The primrose or prima rosa is the first rose of the year. It is also known as a primula and has about 1000 varieties. The best known is the common primrose, the bright yellow flower that not only grows in our gardens, but can be found in woodlands, hedgerows and shady meadows. It grows up to 20 cms high and has oval tapering leaves which form a rosette. The solitary yellow flowers are borne on long hairy stalks and usually appear from February until May.
The primrose was supposedly the favourite flower of Benjamin Disraeli who was Prime Minister to Queen Victoria in 1868 and again from 1874 to 1880. Queen Victoria sent a wreath of primroses to Disraeli’s funeral saying that they were ‘his favourite flowers’. But it seems that she may have been referring to Prince Albert. However, in following years, on this day, people wore primroses in remembrance of Disraeli and the date became known as Primrose Day.
Disraeli is remembered for his reform of housing and working conditions, his purchase of a controlling interest in the Suez Canal and for being laughed at when he made his maiden speech to Parliament. In 1876 he created the title of ‘Empress of India’ for the Queen and she made him Earl of Beaconsfield in the same year. He was also a novelist and started to write in an attempt to pay off debts incurred by losses in stocks and shares. He is often remembered too for being born a Jew, although he converted to Christianity at the age of thirteen after his father had a row with the synagogue.
In 1883 a statue of Disraeli by Mario Raggi was unveiled in Parliament Square, London and in following years it was festooned on the anniversary of his death with primroses.
With the passage of time Primrose Day has fallen out of fashion, but it was once observed quite keenly. An entry in a diary by William Robert Richards of Martock for April 1895 reads: “Primrose Day was well observed here, a large number of people wearing the deceased statesman’s favourite flower.”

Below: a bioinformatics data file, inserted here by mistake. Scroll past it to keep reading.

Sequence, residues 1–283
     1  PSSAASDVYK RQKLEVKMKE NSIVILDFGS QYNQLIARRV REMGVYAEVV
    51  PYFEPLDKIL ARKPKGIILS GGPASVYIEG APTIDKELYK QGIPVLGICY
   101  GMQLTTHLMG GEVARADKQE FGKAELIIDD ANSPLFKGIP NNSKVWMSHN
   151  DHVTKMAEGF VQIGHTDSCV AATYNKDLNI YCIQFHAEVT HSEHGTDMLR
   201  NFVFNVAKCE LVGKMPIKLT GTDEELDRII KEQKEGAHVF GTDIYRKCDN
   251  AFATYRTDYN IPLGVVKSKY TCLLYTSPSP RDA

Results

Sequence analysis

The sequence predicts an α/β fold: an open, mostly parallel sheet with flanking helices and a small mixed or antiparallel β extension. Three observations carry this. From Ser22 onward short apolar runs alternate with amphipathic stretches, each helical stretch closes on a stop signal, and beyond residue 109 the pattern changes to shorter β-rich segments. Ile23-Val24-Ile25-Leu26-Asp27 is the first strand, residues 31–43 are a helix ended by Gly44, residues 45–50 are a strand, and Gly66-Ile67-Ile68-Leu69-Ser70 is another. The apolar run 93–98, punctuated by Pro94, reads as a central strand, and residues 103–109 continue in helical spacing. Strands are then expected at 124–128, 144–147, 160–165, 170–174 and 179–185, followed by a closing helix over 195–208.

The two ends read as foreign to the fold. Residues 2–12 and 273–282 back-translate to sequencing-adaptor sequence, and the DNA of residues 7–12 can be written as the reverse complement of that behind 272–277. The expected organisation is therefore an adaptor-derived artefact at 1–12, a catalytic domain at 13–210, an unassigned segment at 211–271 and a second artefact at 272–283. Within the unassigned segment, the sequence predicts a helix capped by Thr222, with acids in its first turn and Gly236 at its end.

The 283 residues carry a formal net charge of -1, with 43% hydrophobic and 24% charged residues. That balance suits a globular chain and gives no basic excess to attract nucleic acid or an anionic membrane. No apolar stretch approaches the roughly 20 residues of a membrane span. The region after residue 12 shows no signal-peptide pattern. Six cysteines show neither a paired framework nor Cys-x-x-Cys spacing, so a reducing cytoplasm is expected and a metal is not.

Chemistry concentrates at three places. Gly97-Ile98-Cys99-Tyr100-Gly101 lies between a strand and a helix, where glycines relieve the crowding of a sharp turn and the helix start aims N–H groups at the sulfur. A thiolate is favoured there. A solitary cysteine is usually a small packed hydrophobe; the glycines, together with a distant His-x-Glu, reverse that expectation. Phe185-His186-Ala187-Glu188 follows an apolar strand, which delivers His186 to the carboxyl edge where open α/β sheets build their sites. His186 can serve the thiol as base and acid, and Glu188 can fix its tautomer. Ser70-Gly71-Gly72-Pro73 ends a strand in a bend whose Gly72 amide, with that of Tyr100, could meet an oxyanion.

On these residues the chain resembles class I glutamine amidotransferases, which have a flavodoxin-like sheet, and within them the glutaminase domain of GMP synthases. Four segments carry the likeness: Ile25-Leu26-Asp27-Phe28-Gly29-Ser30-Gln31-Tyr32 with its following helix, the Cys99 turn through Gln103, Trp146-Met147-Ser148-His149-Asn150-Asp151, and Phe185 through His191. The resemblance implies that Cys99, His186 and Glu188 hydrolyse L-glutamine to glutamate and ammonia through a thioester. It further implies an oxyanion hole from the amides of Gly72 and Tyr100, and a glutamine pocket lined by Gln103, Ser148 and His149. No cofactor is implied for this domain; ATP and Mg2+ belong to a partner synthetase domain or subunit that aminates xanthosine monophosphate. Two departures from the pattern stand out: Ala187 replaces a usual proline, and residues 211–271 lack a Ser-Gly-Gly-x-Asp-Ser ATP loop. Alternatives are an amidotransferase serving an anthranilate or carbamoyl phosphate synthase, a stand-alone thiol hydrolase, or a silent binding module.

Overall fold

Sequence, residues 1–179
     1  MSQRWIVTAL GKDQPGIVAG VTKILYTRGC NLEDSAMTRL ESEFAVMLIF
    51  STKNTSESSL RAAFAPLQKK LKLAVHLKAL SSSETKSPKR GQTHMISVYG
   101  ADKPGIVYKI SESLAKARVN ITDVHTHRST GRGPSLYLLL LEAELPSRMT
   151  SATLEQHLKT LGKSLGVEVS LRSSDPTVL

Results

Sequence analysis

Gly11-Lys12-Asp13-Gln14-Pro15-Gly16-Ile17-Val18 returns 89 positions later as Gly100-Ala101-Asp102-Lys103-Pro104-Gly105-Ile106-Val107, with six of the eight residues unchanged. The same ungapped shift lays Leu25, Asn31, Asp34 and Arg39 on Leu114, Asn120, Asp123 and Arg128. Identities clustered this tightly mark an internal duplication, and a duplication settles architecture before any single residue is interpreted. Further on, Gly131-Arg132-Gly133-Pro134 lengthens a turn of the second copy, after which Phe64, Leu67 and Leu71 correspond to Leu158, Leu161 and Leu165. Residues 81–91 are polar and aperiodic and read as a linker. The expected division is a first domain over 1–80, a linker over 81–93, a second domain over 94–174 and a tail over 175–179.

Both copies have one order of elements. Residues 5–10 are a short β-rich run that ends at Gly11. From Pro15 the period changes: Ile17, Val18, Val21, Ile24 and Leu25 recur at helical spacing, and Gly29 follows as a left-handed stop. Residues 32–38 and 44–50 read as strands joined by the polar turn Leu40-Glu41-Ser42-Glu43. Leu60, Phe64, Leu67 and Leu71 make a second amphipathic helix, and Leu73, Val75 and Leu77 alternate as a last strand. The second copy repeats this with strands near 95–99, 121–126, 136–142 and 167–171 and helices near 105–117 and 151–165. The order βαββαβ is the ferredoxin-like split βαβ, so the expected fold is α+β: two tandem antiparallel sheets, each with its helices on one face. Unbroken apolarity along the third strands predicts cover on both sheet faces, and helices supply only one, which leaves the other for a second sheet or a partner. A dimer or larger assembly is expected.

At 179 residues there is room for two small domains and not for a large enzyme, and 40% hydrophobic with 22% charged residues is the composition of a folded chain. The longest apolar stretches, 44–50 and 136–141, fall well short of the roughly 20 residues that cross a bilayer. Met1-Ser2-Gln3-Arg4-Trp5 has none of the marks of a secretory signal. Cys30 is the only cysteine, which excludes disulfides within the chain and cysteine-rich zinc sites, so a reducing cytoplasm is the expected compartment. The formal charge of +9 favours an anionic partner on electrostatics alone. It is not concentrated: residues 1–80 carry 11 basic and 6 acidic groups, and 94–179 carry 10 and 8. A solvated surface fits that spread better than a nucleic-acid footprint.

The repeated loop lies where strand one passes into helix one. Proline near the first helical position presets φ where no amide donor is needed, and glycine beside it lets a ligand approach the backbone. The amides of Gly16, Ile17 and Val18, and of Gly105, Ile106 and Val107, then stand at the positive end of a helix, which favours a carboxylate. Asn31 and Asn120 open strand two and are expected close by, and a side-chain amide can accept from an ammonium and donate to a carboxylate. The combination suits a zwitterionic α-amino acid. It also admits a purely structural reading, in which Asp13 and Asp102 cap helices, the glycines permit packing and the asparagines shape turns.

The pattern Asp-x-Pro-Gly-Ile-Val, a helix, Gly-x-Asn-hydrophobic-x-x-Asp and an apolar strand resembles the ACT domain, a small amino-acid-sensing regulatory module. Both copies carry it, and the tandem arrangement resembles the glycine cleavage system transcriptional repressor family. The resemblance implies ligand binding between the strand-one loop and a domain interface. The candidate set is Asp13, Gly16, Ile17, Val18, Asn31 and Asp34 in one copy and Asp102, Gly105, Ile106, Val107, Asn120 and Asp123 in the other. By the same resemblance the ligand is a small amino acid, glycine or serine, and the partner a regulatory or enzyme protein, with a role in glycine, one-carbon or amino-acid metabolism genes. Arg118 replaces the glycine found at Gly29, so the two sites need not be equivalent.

The following extract is from an old newspaper dated 1927.
“19th April 1927: The eldest daughter of the landlord of the Leather Bottle was married:
‘Primrose Wedding’ at Leverstock Green
Primroses and primrose colourings were features of a pretty wedding on Primrose Day (Tuesday) at Leverstock Green Parish Church when Miss Sibyl Seabrook, elder daughter of Mr and Mrs Seabrook of Leverstock Green was married to Mr Edmund Bradbury Barnes Perkins, eldest son of the late Mr Thomas and Mrs Perkins also of Leverstock Green. Yellow daffodils and primroses also figured largely in the floral decorations in the church, these remaining from the Eastertide Festival. Gazette 23rd April 1927.”
The artist James George Bingley who lived from 1841 to 1920 painted a watercolour called “Primrose Day”. Another painting, this time in oils, was by Ralph Todd and is entitled “Primrose Day 1885”. It shows a young girl in a blue dress and white apron with a basket of yellow primroses on her knee. Beside her on a table are more primroses and yellow primroses are displayed in a glass jar.
“And all England, so they say,
Yearly blooms on Primrose Day”
Perhaps it is the political associations that have caused it to decline in this country, but I think it would be nice to wear and display primroses on one special day, just because they are so beautiful and such a firm statement of springtime.